What is perry? Is it the same thing as pear cider? These questions come up quite often when I’m pouring our Seckel Perry or Perry Reserve at events and tastings. The short answer is that perry is made entirely out of pears and pear cider is not. But that’s only the beginning of what separates perry from pear cider. Let’s take a closer look…
Perry, in it’s simplest form, is an alcoholic beverage made from fermented pears. Unfortunately, this is where it stops being simple. Just like with wine grapes for wine or cider apples for cider, there are very specific varieties of pears for making perry.
Perry pears are not your standard juicy, sweet pears from the grocery store. They are harsh and bitter-tasting little buggers (think fist to the face). They are tough to grow and even harder to pick. With names like Butt, Thorn, Gin and Lightning, you can easily imagine that eating these fresh from the tree is not for the faint of heart or those with a delicate constitution.
Despite the challenges along the way, drinking the end result—a soft, delicate and delicious perry—is well worth it in my opinion. This is why we attempt two perries each year—our Seckel Perry is made from heirloom Seckel pears and our Reserve Perry is made from eight traditional perry pear varieties grown in the Wenatchee Valley.
So, what is pear cider? Pear cider is a relatively new phenomenon of apple cider sweetened with pear juice.
These beverages are usually designed to be sweet and pear-esque in their flavor profile. The cider is often made from fairly neutral commercial apple juice or leftover apples that didn’t make the cut for the grocery store. It is then flavored with pear juice to give it sweetness, body and a bit of interest. In my opinion, it has about as much to do with perry as Kool-Aid has to do with wine. But don’t let my description put you off, pear cider exists because a lot of people love it, and with good reason. It’s an easy-drinking beverage, particularly in the fall season. Just don’t take your first sip of perry expecting it to be anything like pear cider...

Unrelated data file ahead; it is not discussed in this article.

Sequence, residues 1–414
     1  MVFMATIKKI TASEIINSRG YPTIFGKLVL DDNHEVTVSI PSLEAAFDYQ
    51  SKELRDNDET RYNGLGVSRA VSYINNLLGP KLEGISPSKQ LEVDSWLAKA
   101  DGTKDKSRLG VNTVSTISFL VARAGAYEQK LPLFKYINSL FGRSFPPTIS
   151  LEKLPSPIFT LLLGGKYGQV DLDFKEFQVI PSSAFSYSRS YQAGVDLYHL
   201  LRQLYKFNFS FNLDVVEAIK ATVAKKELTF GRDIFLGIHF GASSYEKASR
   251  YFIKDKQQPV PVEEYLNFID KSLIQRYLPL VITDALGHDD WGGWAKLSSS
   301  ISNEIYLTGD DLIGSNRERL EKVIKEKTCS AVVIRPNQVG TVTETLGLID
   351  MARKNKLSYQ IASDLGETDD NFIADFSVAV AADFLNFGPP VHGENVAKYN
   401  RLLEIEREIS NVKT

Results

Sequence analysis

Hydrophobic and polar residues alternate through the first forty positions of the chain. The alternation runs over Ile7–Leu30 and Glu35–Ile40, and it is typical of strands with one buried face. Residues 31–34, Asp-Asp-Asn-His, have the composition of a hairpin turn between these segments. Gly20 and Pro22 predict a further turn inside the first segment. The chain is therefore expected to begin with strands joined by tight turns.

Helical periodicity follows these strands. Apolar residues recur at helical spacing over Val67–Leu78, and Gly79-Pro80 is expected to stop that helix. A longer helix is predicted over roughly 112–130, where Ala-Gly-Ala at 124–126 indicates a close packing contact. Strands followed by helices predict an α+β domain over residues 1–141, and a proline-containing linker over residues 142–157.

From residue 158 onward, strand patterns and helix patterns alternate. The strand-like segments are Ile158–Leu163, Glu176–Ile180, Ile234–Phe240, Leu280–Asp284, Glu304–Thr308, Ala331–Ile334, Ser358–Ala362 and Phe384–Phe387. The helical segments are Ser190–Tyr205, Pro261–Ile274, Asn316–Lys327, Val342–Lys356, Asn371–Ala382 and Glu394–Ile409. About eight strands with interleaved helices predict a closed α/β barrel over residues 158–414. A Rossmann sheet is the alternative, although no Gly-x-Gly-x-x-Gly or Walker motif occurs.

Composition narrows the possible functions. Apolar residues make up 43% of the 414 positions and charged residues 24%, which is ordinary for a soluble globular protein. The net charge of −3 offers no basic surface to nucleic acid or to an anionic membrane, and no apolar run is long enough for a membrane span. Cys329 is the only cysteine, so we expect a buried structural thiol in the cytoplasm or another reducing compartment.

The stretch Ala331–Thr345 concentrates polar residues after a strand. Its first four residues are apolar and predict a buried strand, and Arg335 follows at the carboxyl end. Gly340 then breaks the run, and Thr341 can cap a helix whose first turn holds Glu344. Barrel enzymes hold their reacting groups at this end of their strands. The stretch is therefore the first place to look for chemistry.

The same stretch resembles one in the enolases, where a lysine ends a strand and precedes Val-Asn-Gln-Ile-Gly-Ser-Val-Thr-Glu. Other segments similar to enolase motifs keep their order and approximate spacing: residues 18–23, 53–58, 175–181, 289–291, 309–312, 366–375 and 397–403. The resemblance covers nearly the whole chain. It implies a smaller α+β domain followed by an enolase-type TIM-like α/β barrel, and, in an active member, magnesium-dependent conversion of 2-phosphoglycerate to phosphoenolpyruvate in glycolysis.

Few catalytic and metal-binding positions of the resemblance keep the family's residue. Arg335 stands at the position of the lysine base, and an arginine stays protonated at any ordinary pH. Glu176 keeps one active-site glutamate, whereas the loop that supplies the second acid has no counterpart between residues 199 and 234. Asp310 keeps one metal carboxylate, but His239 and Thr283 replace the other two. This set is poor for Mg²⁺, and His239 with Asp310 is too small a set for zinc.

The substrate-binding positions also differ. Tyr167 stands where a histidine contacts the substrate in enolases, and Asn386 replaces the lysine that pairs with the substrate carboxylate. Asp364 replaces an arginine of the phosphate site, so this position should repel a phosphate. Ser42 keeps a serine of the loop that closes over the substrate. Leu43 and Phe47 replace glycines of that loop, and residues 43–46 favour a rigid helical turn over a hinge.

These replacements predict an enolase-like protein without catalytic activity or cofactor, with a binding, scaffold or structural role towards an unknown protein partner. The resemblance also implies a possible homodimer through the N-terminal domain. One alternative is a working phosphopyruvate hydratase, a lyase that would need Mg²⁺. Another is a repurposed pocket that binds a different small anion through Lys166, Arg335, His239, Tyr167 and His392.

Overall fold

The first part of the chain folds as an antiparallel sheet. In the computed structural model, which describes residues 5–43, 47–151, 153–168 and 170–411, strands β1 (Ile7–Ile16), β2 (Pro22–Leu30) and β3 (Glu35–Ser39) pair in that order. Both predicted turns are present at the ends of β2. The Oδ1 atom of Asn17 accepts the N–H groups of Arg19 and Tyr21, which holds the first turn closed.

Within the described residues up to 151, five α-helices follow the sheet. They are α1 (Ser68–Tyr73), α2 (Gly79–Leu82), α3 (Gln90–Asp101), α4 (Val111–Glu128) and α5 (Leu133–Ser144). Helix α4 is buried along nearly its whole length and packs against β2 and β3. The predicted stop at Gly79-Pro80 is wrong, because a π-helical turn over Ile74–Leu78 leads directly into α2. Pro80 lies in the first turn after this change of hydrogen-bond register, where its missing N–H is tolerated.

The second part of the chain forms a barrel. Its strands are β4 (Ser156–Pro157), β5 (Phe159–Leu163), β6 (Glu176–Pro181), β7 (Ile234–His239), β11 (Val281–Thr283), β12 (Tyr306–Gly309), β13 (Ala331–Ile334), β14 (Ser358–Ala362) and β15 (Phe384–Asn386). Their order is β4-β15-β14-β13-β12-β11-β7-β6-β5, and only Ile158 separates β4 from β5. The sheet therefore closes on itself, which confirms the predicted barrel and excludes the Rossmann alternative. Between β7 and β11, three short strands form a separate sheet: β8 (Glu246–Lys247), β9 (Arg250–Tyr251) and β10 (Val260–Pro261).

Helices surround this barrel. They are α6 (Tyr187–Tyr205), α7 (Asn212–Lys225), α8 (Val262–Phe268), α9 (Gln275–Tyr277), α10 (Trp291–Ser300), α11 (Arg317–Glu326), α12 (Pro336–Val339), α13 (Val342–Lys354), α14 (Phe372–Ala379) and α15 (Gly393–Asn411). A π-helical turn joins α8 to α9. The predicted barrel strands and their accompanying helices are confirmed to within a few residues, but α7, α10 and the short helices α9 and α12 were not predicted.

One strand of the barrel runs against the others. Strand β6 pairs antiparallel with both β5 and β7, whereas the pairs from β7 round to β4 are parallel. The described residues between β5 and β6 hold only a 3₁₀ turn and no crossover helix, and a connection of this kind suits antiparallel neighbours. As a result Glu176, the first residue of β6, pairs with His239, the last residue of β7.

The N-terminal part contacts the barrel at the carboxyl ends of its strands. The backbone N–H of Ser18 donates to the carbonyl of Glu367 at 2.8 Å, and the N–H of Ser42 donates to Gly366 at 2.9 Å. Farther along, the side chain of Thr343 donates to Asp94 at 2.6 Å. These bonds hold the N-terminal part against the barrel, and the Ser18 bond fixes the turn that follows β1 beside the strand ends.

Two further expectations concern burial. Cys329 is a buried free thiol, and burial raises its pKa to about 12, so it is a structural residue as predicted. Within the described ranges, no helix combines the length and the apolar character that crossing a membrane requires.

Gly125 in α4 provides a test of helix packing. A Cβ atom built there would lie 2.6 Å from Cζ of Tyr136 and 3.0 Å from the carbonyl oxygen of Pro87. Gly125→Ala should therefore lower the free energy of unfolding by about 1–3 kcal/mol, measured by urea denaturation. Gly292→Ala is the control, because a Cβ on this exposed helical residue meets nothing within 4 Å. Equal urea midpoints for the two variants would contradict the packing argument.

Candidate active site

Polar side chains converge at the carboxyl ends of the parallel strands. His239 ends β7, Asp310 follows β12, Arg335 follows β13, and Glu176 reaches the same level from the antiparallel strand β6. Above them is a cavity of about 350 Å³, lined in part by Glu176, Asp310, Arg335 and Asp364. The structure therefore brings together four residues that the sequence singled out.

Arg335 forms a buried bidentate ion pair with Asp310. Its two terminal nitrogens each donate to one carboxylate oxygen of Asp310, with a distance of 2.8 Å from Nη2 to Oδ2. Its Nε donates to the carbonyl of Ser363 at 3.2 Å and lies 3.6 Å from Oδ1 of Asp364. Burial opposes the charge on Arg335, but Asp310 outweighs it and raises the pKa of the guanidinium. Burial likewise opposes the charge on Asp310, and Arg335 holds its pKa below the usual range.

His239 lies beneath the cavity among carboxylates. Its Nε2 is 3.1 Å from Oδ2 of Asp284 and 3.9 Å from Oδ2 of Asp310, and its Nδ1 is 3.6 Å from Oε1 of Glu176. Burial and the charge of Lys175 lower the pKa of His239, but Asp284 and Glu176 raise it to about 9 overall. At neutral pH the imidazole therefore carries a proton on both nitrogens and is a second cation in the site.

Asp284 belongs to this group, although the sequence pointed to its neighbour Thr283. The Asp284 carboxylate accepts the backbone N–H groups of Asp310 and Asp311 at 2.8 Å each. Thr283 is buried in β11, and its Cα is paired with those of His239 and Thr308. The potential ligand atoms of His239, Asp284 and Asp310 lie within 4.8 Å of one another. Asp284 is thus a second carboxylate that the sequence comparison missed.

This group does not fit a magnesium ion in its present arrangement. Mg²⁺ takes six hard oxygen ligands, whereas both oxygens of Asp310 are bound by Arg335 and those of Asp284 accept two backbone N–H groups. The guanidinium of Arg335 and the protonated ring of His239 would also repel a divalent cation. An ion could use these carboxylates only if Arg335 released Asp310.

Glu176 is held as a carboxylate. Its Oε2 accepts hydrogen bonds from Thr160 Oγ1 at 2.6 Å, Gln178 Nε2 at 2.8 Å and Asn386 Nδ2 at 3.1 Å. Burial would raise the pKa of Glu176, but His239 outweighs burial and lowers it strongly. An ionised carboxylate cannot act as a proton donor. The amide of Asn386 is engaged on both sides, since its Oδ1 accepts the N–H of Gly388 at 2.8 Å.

Why is perry more difficult to make?
…Okay, now I’m going to nerd out a bit.
In my experience, perry is much more difficult to make well than cider. The chemical and organic composition of pears is significantly different from apples. To begin with, pears tend to be much higher in citric acid than apples, which primarily contain malic acid. On its own it takes a pretty educated palate to discern between the two, however citric acid can quite easily convert to acetic acid during fermentation—which, you guessed it—is vinegar! This mistake can be a big surprise for anyone trying to make perry for the first time! Tasting a hint of vinegar in perry is common, but definitely not desirable.
The second largest challenge with perry is that it contains a fair amount of an unfermentable sugar called sorbitol. Sorbitol, by the way, is a mild laxative. Don’t worry though, a glass of perry seems to have way less “effect” than a cup of coffee. Never guess again why the English gave their pear varieties names like Butt and Lightning! Sorbitol in perry means that there will still be a quite a bit of natural body and sweetness after a complete fermentation. This can be quite challenging as it gives too much body to the beverage, making it seem silky or even syrup-like at times. This is why some perries will be a bit more carbonated or even produced like a champagne (methode champenoise). The additional carbonation helps reduce that syrupy characteristic and really lightens the beverage overall. Fun fact: there is evidence that perry produced methode champenoise actually predates champagne!1 Our Perry Reserve is produced methode champenoise as a tribute to this historical gem.
As I mentioned earlier, perry pears are harsh and bitter when they come off of the tree. During fermentation, the tannins and harsh polyphenols (the compounds in food that give you flavor) mature and soften which can take quite a long time and requires a deft palate to know when it’s ready. However, this aging process is absolutely critical to the perry-making process. Interestingly, most perry is very mild once it’s finally released and its flavor bears little resemblance to the fresh pears that went into it.
I hope that sharing this helps to bring an appreciation of what it takes to go from harsh perry pears into the soft, delicate and delicious drink that is perry. To quote Pete Brown: “So why on earth does anyone bother with this wretched, unfriendly drink? Because good perry—if you’re lucky enough to find it—is like drinking angel’s tears.”2
P.S. If you see “pear wine” on a label, it is just a snazzier way to describe perry and might be there simply because of antiquated regulations.
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1World’s Best Cider, by Pete Brown and Bill Bradshaw, page 38.
2For more information, I suggest checking out World’s Best Cider by Pete Brown and Bill Bradshaw. This particular quote is from page 38.